Thursday, October 31, 2013

Listening via social media - prioritizing conversations

I recently wrote about the listening (versus talking) side of science communication. For me, listening is practice, one that I am always working to deepen.

Social media presents a particular challenge in terms of listening. On one hand, it can be a great space to listen in to lots of different conversations, and many people interact with it in that way. I personally find it to be a great struggle.

Wednesday, October 30, 2013

Storytelling: the stories we don't tell

I am slightly wary of the storytelling wave that has taken over these days. I worry about appropriation - the question of whose stories we tell and whether they are ours to tell looms large for me and oddly doesn't pop up that often in the workshops I've been in on the topic unless somebody asks. But, one thing I'd not given a lot of thought to was the stories that we don't tell - particularly the ones that we do or don't tell about ourselves.

Monday, October 28, 2013

The power of intuition in science communication

In the science communication research world over the past year or so, there seems to be an assumption that working from an intuitive place = bad and that working from a data-driven, research-based place = good.** It is in many ways difficult for me to actually hear research results when they are framed that way, even though I do appreciate the place I think it's coming from, which is that there is a lot to be gained by understanding social science research in science communications. But, I'd also like to think there is a role for intuition *and* for data - I mean, why we gotta be so old-school dualistic?

Thursday, October 24, 2013

On listening in science communication

It is heartening to see more discussion of the listening side of science communication world of late. I first wrote about the topic in a 2012 article on moving toward relationship-building and engagement in science communication. A discussion with a beloved and wise person in my life spurred me to better define what I meant by listening. The result was that in the article I said:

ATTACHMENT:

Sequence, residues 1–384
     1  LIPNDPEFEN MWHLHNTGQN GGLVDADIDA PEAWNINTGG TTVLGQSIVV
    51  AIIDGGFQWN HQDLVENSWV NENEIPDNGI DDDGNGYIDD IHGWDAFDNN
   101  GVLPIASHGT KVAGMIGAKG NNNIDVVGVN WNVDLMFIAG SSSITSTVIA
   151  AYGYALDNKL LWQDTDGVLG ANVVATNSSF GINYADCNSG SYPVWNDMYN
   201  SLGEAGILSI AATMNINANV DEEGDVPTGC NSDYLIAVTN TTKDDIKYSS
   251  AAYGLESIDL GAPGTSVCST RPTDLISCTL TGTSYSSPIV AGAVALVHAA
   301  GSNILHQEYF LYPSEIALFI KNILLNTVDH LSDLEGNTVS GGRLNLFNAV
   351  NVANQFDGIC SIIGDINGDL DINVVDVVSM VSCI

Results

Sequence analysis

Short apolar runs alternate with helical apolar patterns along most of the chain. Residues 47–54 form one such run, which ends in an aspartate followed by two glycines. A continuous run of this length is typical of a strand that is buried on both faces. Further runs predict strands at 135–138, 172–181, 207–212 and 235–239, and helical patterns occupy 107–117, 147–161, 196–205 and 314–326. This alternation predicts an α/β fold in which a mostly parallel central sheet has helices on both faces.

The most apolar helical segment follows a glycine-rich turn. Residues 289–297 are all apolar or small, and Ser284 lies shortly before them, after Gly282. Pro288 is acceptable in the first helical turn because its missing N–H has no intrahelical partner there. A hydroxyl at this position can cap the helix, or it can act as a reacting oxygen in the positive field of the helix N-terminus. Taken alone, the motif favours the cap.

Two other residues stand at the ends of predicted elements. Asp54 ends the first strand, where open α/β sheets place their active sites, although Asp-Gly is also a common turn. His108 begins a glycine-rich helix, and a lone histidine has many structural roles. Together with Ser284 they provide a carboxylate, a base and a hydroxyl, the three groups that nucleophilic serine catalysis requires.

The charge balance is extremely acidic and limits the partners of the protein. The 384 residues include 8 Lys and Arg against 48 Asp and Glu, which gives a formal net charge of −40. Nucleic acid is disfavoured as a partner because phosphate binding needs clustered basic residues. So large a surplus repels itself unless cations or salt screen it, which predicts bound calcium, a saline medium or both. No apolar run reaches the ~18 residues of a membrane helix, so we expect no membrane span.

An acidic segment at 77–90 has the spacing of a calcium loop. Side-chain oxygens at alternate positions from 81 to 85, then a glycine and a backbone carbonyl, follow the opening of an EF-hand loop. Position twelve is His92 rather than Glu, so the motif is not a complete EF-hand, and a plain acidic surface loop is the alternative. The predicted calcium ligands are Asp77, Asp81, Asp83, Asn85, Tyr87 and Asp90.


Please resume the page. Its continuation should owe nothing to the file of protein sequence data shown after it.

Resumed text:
Wednesday, October 23, 2013

Exposing the underbelly - the hidden curriculum in the natural sciences

One thing that I find prevalent in the legal and medical literature is reference to a "hidden curriculum" in higher education. The concept originated in the 1970's and refers to the idea that as part of training, we are all subject to social and academic norms that might be quite different from the content of what we are being taught, which can be problematic on many levels.

Monday, October 21, 2013

Careers outside academia: After the science policy fellowship

I have been involved in discussions of non-academic careers (yes, it's problematic wording - substitute "diverse" or your favorite term of art as you wish) for longer than I'd like to admit. As a graduate student 10-15 years ago, I started a student section of the Ecological Society of America (ESA), my primary professional society. As a student, I also organized a career workshop for several years at the annual meeting, and the tradition continued beyond my tenure with the section (which is super awesomely active these days). Increasingly, I find myself on the same kinds of panels I once organized - including one at ESA this summer.

All about science outcomes - thoughts from the evaluation world

I had the opportunity this year to attend the 2013 annual meeting of the American Evaluation Association. For me it was a good insight into a different professional world. I’ve been exposed to evaluation concepts and done some metric level work, especially with the web and social media, and strategic goal setting and what-not, but nothing too rigorous. Increasingly though, evaluating programs and projects is part of my professional world and seems to be a good trifecta of skill when combined with science communication and project development. So, some intellectual grounding in the topic seemed useful.

Saturday, October 19, 2013

Toward a more expansive view of being a scientist

So, I tried to write an editorial for a science journal this summer, and a few things about the experience were very interesting. First and foremost was the back and forth with the editor about whether or not what I had written about was actually "science". For me, this gets to the heart of the matter what it means to be a scientist and what is considered science (not to mention how hard it is to publish as a practitioner). I deeply believe that we need be more expansive in how we think about both.

Why I'm trying this blogging thing again

I am a scientist-practitioner specializing in issues related to the environment (a description of my actual work is here). There has to be a better way to describe my professional identity, but my inability to do so is, in my mind, reflective of the state of the field.